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Journal of Obesity
Volume 2011 (2011), Article ID 186368, 4 pages
Rs9939609 Variant of the Fat Mass and Obesity-Associated Gene and Trunk Obesity in Adolescents
1Clinical Institute of Medical and Chemical Laboratory Diagnostics, Medical University of Graz, 8036 Graz, Austria
2Department of Pediatrics, Paracelsus Private Medical University Salzburg, 5020 Salzburg, Austria
3Institute of Physiological Chemistry, Center of Physiological Medicine, Medical University of Graz, 8036 Graz, Austria
Received 10 November 2010; Revised 15 December 2010; Accepted 21 December 2010
Academic Editor: Francesco Saverio Papadia
Copyright © 2011 Harald Mangge et al. This is an open access article distributed under the Creative Commons Attribution License, which permits unrestricted use, distribution, and reproduction in any medium, provided the original work is properly cited.
A common T/A polymorphism (rs9939609) in the fat mass and obesity associated (FTO) gene was found associated with early-onset and severe obesity in both adults and children. However, recent observations failed to find associations of FTO with obesity. To investigate the genetic background of early obesity, we analysed the single nucleotide polymorphism (SNP) rs9939609 of FTO in 371 styrian adolescents towards degree of obesity, subcutaneous adipose tissue (SAT)-distribution determined by lipometry, early metabolic and preatherosclerotic symptoms. The percentage of AA homozygotes for the rs9939609 SNP of FTO was significantly increased in the obese adolescents. Compared to the TT wildtype, AA homozygotes showed significantly elevated values of SAT thickness at the trunk-located lipometer measure points neck and frontal chest, body weight, body mass index, waist, and hip circumference. No associations were found with carotis communis intima media thickness, systolic, diastolic blood pressure, ultrasensitive C-reactive protein (US-CRP), homocystein, total cholesterol, triglycerides, HDL cholesterol, oxidized LDL, fasted glucose, insulin, HOMA-index, liver transaminases, uric acid, and adipokines like resistin, leptin, and adiponectin. Taken together, to the best of our knowledge we are the first to report that the rs9939609 FTO SNP is associated with trunk weighted obesity as early as in adolescence.
Juvenile obesity usually leads to obesity in adulthood which causes life threatening sequels such as diabetes, cardiovascular disease, hypertension, stroke, and cancer . In foregoing studies, we detected an increased carotid intima-media thickness (IMT) paralleled by a subclinical inflammation in obese adolescents and we provided the first evidence that preatherosclerosis is associated with individual risk profiles characterised by subcutaneous adipose tissue (SAT) topography and altered biomarkers [2–4]. In this paper, we analysed the single nucleotide polymorphism (SNP) rs9939609 of the fat mass and obesity-associated (FTO) gene in obese styrian adolescents and in normal weight controls of the same age and gender distribution. FTO is a gene located in chromosome region 16q12.2. Recently, it was brought into connection with the central control of energy homeostasis and fat cell lipolysis [5, 6]. The single-nucleotide polymorphisms (SNPs) rs1421085, rs17817449, and rs9939609, of FTO were reported to be linked to body mass index (BMI) and obesity in both adults and children [7–9]. However, Li et al. failed to find associations of FTO with obesity . To clarify this issue, we examined the so far best described FTO gene variant (i.e., SNP rs9939609) [6, 8] for correlations with grade of obesity, SAT distribution, and obesity-related metabolic and cardiovascular risk parameters in styrian adolescents.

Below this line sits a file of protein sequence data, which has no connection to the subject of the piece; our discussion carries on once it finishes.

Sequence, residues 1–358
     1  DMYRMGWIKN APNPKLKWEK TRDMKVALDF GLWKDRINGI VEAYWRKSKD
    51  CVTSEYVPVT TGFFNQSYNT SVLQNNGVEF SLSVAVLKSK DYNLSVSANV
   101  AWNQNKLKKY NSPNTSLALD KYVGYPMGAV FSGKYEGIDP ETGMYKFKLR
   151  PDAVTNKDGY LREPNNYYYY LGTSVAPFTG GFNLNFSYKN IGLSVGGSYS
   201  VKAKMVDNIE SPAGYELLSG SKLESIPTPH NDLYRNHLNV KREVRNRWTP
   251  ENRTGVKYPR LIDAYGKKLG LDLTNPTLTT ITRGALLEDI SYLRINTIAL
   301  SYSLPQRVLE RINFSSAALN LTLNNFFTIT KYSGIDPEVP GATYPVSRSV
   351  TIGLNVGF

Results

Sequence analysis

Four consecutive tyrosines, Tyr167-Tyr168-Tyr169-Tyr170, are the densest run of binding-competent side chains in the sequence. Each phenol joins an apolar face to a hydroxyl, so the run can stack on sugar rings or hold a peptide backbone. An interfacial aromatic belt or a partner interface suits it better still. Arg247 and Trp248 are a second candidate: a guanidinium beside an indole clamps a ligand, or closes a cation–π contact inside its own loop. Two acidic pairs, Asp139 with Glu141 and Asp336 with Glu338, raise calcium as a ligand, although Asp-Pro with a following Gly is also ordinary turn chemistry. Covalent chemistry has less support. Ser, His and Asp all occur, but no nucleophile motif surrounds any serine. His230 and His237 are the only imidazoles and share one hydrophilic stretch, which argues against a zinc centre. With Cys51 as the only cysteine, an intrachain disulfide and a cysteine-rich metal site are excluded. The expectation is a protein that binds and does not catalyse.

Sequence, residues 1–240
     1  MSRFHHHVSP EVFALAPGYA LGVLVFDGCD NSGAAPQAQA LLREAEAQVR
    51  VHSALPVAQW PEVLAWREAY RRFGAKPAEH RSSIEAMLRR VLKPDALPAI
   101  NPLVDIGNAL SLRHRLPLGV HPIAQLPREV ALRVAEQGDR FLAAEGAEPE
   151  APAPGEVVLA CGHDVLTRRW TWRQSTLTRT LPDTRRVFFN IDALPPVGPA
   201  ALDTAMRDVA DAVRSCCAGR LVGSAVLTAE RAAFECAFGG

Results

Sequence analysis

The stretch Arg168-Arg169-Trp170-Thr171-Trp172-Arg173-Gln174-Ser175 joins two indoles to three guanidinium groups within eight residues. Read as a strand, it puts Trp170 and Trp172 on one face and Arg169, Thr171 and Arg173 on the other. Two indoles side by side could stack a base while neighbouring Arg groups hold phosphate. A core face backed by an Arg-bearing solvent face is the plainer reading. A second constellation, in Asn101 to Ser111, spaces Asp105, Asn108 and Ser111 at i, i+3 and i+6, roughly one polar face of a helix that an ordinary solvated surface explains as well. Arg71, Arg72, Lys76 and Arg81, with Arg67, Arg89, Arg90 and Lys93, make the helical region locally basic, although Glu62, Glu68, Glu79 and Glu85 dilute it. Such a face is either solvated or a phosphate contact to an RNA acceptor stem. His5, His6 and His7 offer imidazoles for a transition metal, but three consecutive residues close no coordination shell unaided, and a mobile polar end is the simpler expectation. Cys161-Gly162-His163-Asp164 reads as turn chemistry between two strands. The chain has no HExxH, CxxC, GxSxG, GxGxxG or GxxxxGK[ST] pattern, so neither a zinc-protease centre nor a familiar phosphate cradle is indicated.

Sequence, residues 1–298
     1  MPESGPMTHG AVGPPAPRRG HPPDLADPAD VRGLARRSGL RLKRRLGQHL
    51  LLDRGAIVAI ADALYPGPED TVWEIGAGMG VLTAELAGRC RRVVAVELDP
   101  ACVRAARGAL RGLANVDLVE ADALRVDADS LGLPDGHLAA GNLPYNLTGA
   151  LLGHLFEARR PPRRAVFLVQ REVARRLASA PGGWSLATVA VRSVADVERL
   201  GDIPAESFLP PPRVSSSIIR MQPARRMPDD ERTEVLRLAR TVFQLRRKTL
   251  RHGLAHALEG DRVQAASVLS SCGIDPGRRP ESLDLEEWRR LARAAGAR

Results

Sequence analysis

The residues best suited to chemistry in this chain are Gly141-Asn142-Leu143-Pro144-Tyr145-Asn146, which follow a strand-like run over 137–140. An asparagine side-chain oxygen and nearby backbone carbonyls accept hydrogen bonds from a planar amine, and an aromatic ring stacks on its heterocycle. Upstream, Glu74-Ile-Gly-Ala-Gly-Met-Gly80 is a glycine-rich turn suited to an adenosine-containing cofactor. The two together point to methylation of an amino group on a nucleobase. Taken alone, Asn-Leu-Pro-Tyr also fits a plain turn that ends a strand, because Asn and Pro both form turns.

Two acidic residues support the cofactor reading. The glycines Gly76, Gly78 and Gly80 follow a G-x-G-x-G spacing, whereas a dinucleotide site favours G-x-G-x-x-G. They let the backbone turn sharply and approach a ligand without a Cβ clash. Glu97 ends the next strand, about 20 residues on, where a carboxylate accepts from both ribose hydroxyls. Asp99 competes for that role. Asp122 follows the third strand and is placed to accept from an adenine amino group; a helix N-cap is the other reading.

2. Material and Methods
Study participants (obese persons and normal weight, age- and sex-matched controls) were from the STYrian Juvenile OBesity Study (STYJOBS), which is designed to investigate early stages of atherosclerosis and metabolic disorders in obese juveniles. STYJOBS is registered at ClinicalTrials.gov (Identifier NCT00482924), where detailed information of the study is available. The inclusion criterium for the obese probands was BMI >97th percentile if under 18 years of age, BMI >30 kg/m2 if over 18 years of age. Exclusion criteria were endocrine diseases (e.g., hypothyreosis), infectious or any other chronic diseases. Further, STYJOBS participants aged above 20 years were excluded in this study. Controls were healthy age-matched volunteers. All controls had to be normal weight (BMI around 50th percentile if under 18 years of age, BMI <25 kg/m2 if over 18 years of age) free of infectious, chronic, and endocrine diseases. 268 obese juveniles recruited from July 2003 to December 2006 (mean age (SD) years) and 103 normal weight healthy controls of similar age and gender distribution were investigated. The study was approved by the ethical committee of the Medical University of Graz. At the time of blood collection, the probands were fasting. Blood samples were immediately centrifuged at 3500 rpm at ambient temperature and stored at −80°C until analysis.
2.2. Laboratory Analysis
Genomic DNA was isolated from peripheral lymphocytes by standard methods and stored at −20°C. FTO genotypes were determined by 5′-exonuclease assay (TaqMan, Applied Biosystems, Applera International Inc., Austria GmbH, Mahlerstrasse 13, A-1010 Vienna, Austria). Primer and probe sets were designed and manufactured using Applied Biosystems “Assay-by-Design” custom service (Applied Biosystems, Applera International Inc., Austria GmbH, Mahlerstrasse 13, A-1010 Vienna, Austria), and assays were performed according to the manufacturer’s instructions. End-point fluorescence was measured and fluorescence plate reader data were exported into an Excel format, depicted, and analyzed as a scatter plot.